Presentation on theme: "1 Development of an FDA CT Organ Dose Handbook Thalia T. Mills, Ph. D. FDA Commissioner’s Fellowship project with Dr. Stanley."— Presentation transcript:
1 Development of an FDA CT Organ Dose Handbook Thalia T. Mills, Ph. D. FDA Commissioner’s Fellowship project with Dr. Stanley Stern MITA CT Stakeholders Meeting 11/29/2010 (at RSNA 2010)
2 CT handbook: end products 1. Excel spreadsheet where organ doses are computed based on the following input: Age (0, 1, 5, 10, 15, Adult) Anatomical range on phantom Normalization factor (CTDI-based) 2. Table of physical extent (in z-direction) for all organs in each phantom (from the ORNL series) 3. For common exams, tabulations of organ doses based on typical protocol parameters Part of the FDA organ dose handbook program 1 ImPACT dosimetry calculator (2006)
3 Three major challenges in handbook development 1.Scanner-independent doses 2.Pediatric doses (limited data) 3.Common exams ↔ Parameters relevant to dose
4 Normalization FactorNRPB Mean CoV (%) Turner et al. 3 Mean CoV (%) None3132 CTDI norm = 0.85 CTDI 100,c CTDI 100,p CTDI w = 1/3 CTDI 100,c + 2/3 CTDI 100,p Feasibility of scanner-independent organ doses
5 Organ doses for ORNL series of pediatric phantoms 4 Normalized lung dose for scanning the pediatric trunk. For the 0-10 year old phantoms, data are normalized to CTDI 100 values corresponding to both the 16-cm and 32-cm diameter phantoms. For the 32-cm dosimetry phantom, CTDI norm = 0.85 CTDI 100,c CTDI 100,p. For the 16-cm phantom, the normalization value used was CTDI w. GE 9800; 16 cm Siemens DRH; 16 cm Philips LX; 16 cm GE 9800; 32 cm Siemens DRH; 32 cm Philips LX; 32 cm Conclusion: Using a normalization factor based on the 32-cm phantom results in unacceptable variation for the smaller phantoms.
6 Parameterizing common clinical protocols Sources of data 1. Literature compilations: Kalra, M. K., Saini, S., and Rubin, G. D., eds. (2006). MDCT: From protocols to practice. New York: Springer. Silverman, P. M., ed. (2002). Multislice computed tomography: a practical approach to clinical protocols. Philadelphia: Lippincott Williams and Wilkins. 2. Protocols from individual facilities: M.D. Anderson Cancer Center (thanks to Dr. Dianna Cody) Duke demographical data on pediatric protocols (thanks to Dr. Donald Frush) Rhode Island Hospital 5 Johns Hopkins University 6 3. FDA/CRCPD Nationwide Evaluation of X-ray Trends data for ~15 most common CT exams ( survey) 4. AAPM Working Group on Standardization of CT Nomenclature and Protocols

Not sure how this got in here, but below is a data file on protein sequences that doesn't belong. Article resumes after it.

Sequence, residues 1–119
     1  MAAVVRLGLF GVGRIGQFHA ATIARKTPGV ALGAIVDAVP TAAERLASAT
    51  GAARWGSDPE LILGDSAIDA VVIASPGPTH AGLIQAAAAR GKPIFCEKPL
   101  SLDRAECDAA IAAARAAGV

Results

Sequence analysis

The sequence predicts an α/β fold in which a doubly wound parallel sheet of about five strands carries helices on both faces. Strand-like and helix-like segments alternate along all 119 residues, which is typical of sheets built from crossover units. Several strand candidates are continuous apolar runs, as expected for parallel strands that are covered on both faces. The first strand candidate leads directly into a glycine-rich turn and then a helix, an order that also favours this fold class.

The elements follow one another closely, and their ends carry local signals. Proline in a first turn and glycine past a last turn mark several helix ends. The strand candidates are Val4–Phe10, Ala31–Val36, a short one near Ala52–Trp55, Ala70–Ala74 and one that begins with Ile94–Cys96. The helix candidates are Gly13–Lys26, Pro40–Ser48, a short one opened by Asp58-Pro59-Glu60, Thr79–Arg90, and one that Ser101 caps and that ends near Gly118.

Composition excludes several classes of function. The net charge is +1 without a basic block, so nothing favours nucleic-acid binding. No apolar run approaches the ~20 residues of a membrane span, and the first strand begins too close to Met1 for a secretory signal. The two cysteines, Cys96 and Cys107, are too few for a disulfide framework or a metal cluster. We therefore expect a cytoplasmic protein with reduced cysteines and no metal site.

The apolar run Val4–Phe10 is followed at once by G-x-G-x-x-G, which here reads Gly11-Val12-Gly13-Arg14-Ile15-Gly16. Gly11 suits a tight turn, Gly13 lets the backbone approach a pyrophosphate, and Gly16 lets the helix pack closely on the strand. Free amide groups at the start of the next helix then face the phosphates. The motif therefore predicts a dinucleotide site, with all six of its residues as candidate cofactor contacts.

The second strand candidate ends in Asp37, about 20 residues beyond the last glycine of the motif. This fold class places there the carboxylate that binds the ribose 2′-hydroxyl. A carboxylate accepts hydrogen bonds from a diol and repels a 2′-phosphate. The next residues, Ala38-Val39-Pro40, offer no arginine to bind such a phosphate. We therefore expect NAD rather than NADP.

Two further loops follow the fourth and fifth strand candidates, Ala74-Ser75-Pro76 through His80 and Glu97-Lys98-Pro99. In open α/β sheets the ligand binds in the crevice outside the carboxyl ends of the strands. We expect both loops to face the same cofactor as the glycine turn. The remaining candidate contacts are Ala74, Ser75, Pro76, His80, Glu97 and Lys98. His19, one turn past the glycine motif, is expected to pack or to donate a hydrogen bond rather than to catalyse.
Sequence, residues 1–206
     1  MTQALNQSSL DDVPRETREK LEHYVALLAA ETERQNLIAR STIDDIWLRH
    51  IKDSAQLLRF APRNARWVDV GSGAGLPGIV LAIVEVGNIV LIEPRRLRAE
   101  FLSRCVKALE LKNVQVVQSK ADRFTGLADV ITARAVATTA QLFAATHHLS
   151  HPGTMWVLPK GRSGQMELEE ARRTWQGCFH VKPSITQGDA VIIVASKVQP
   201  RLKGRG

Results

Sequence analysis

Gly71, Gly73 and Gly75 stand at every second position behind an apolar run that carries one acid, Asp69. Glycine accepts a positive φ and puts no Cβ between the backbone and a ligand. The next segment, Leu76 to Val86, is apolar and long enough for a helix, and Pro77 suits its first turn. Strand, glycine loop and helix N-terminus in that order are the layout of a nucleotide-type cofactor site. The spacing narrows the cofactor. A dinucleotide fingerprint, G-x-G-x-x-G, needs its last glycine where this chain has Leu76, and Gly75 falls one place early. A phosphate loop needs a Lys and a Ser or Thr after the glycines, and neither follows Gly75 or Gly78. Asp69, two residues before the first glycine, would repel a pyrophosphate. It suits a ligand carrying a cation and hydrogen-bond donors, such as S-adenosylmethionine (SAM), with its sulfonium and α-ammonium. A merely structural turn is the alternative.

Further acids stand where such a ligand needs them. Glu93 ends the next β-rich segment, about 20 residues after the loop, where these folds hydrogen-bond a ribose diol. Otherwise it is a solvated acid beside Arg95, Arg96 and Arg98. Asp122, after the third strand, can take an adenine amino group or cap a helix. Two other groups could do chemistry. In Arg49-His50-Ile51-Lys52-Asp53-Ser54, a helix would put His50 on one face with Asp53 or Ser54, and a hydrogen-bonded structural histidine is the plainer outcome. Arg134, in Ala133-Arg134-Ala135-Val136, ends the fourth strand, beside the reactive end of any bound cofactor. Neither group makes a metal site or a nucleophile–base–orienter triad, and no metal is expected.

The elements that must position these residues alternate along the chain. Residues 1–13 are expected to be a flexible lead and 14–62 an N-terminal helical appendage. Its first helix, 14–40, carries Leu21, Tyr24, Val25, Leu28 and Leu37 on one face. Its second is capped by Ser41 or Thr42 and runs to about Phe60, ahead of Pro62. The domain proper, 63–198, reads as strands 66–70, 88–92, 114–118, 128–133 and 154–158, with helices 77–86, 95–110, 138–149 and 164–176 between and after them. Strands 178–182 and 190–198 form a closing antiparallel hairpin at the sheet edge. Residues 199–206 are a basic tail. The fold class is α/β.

7 Notes 1 Rays/ucm htm Rays/ucm htm 2 The NRPB-250 data are for a trunk exam on the adult ORNL phantom averaged over 25 organs for 17 single-slice scanner data sets. [Reference: Jones, D. G., and Shrimpton, P. C. (1993). Normalised organ doses for x-ray computed tomography calculated using Monte Carlo techniques. Document NRPB-SR250. Chilton, UK: National Radiological Protection Board.] 3 The Turner et al. data are for a full-body exam on the adult female “Irene” phantom averaged over 25 organs for 4 modern multi-slice scanners. [Reference: Turner, A. C. et al. (2010). The feasibility of a scanner-independent technique to estimate organ dose from MDCT scans: using CTDIvol to account for differences between scanners. Medical Physics, 37, )] 4 Organ doses for pediatric patients (neonate, 1 year, 5 years, 10 years, 15 years) for 3 different scanners were provided by Jan Jansen and Paul Shrimpton from U.K.’s Health Protection Agency. These data were previously published in part in: Shrimpton, P. C. (2004). Assessment of patient dose in CT, NRPB-PE/1/2004. Chilton, U. K.:National Radiological Protection Board. Retrieved from The phantoms are documented in: Christy, M., and Eckerman, K. F. (1987). Specific Absorbed Fractions of Energy at Various Ages from Internal Photon Sources. ORNL/TM Oak Ridge National Laboratory